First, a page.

Concussion protocol works to lessen brain trauma

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Aaron Johnson

Player tackles another during a game

Ava Dreyer , Editor

  When watching football with my dad in recent years, he often talks about how many of the hits considered dangerous today would have been legal when he watched as a kid. Concussion protocol for football at all levels has become stricter as more and more people speak out about the serious effects that come with brain trauma.  Organizations like the National Football League, as well as local programs like Weston High School athletics, have implemented more rules to prevent brain injury. 

   “When I first started as an athletic director, we didn’t have baseline concussion testing for our student athletes,” WHS athletic director Mike McGrath said. “Things have transformed for the better because we are much more knowledgeable on the subject now and know what to look for to ensure safety for our athletes.”

   Knowledge is an extremely important factor when it comes to concussion safety and prevention. Former Patriots linebacker Ted Johnson suffered two concussions within four days of each other, which led to serious issues.

   “We didn’t know what the long-term effects of concussions were at the time, but I knew something was wrong because I started crying uncontrollably and my body responded in a way that it’s never responded to any other hit to the head.” Johnson said.

   Coach Bill Belicheck went against the recommendation of the Patriot’s head trainer at the time, Jim Whalen, and had Johnson participate in full-contact practices after this injury, which led to his second concussion. This happened in August 2002, and since then research and discoveries have expanded understanding of brain trauma, emphasizing that concussions aren’t something to take lightly.

   “We’ve come a long way because we can’t claim ignorance anymore. We know that there’s a long term impact with multiple head traumas, and we know that there’s an actual brain disease linked to this called CTE,” Johnson said.

   The NFL has cut down on padded practice times, which leads to less opportunity for hits to the head. However, it is not always certain that teams are following the guidelines. At the high school level, teams are given more scrutiny to ensure they are following all MIAA concussion protocols.  

    Since Weston is a smaller-scale athletic program, it is much easier to manage players’ concussions, from assessment to their return to participating in a sport. WHS was one of the first high schools in Massachusetts to implement neurocognitive testing to evaluate concussions. In 2012, Massachusetts created a law regarding head injury assessment and return to play that Weston’s policy largely already reflected.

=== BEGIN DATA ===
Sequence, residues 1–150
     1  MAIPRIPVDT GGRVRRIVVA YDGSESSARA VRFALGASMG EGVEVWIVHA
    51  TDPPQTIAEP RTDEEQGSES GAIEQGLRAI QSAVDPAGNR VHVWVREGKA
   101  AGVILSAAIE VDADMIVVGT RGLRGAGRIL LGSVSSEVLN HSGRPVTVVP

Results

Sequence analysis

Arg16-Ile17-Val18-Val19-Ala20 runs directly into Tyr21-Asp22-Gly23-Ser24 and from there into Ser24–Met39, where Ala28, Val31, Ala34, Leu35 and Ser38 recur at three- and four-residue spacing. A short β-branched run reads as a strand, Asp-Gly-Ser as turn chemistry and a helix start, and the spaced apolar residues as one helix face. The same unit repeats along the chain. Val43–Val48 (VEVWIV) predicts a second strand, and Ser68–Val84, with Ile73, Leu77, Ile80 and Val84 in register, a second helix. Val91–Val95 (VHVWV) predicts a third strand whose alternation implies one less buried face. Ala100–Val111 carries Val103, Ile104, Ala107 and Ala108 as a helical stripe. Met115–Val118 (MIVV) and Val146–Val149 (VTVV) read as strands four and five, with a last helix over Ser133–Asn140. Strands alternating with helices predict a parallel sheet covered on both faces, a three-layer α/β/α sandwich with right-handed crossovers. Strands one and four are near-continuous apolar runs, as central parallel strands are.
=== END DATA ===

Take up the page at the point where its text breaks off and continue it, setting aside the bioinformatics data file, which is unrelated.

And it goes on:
“The law basically states that if an athlete is suspected of a head injury, athletic trainers are required to remove the athlete from competition until further evaluation,” said athletic trainer Andrew Rizza. “If they are assessed with a concussion, we enter them into the concussion protocol that we have developed. Once they return to baseline following their progression through the protocol and re-examination using the neurocognitive testing, we then release them back to athletics.”

   The brain is one of the most important organs in the body. Unlike a broken arm that can usually heal completely, head trauma can leave permanent damage. Brain trauma can also affect one’s personality. It can worsen or create mental illnesses like anxiety and depression, and can make it harder to fall asleep. Even though this information is known, many athletes continue to come back to the game too early, or don’t follow the protocol as they should.

   “Lots of kids want to conceal the injury because they want to play and don’t want to let down teammates. I would say to guard against that,” Johnson said. “Parents should educate their kids on it and tell them why they need to speak up. Parents and athletes need to be transparent and not conceal information. If parents see something they need to say something.”

   In heavy contact sports like football, possible brain trauma is nearly unavoidable because of the nature of the game. Many student athletes face the challenge of whether the possibility of a concussion is worth the risk. 

   “The possibility of brain damage has crossed my mind many times regarding football and hockey, and I think everyone should think about it and consider it before they play a contact sport,” junior Thomas Sacco said. “But personally, I think it’s inevitable that brain damage possibly occurs; it’s just a matter of gauging it  correctly.”

   The possibility of brain trauma is a risk with almost any sport, even ones with less contact. Johnson would allow his son to play football, but would be mindful of and look out for signs of concussions.

   “I wouldn’t let my son play until he was in high school, and I would steer him towards certain positions,” Johnson said. “Not every position is created equal in football, and there are some positions that are more physical than others and lend themselves to more head trauma. So I would steer him towards positions that are less contact with the helmet: wide receiver, tight end, outside linebacker.”

   Athletic programs at all levels have made tremendous strides in recent years to make sports a safer place for athletes. As there is always more work to do, the current practices at WHS are regularly assessed for effectiveness.

   “The only thing I would change [about our concussion protocols] is providing more education,” Rizza said. “I think we are providing the correct care for the student athletes. We will continue to improve our protocols and assessment as research continues to evolve.”